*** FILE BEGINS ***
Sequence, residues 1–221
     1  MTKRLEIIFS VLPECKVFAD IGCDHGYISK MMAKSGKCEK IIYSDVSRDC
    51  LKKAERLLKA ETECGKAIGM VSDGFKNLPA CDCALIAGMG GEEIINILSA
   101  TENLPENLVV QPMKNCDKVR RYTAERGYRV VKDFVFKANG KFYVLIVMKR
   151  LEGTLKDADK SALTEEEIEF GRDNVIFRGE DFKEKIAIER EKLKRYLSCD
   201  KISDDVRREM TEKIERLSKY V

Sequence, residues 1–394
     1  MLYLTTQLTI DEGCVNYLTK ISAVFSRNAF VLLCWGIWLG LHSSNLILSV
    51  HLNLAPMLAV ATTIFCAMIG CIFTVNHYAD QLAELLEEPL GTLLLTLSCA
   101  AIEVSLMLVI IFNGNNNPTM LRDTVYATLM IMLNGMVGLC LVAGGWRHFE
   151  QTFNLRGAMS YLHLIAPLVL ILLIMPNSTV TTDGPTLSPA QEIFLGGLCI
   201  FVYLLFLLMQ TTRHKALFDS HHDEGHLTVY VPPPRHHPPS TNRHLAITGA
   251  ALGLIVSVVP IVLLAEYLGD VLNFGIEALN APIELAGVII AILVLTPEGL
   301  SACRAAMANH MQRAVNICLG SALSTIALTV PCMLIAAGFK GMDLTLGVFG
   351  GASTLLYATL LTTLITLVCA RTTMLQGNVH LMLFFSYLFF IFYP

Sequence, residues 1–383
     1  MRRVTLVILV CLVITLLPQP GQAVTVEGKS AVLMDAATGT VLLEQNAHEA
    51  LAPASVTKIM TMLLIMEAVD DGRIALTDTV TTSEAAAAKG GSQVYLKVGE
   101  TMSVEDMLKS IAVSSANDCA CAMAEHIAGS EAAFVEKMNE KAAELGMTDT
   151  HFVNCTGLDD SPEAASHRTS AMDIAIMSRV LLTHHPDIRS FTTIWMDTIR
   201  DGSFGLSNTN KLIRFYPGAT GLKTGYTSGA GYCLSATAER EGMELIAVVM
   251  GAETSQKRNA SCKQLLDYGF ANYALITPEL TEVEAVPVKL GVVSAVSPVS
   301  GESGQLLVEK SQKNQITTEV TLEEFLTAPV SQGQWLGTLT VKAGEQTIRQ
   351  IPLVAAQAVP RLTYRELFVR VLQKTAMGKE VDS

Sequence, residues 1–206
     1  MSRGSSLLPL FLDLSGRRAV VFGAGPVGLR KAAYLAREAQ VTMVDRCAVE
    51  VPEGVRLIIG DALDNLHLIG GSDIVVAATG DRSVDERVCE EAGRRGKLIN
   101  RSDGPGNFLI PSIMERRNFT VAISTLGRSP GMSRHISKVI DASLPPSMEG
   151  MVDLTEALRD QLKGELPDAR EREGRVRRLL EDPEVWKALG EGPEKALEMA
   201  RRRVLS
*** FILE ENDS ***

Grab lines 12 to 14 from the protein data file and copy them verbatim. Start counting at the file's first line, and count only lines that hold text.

   201  FVYLLFLLMQ TTRHKALFDS HHDEGHLTVY VPPPRHHPPS TNRHLAITGA
   251  ALGLIVSVVP IVLLAEYLGD VLNFGIEALN APIELAGVII AILVLTPEGL
   301  SACRAAMANH MQRAVNICLG SALSTIALTV PCMLIAAGFK GMDLTLGVFG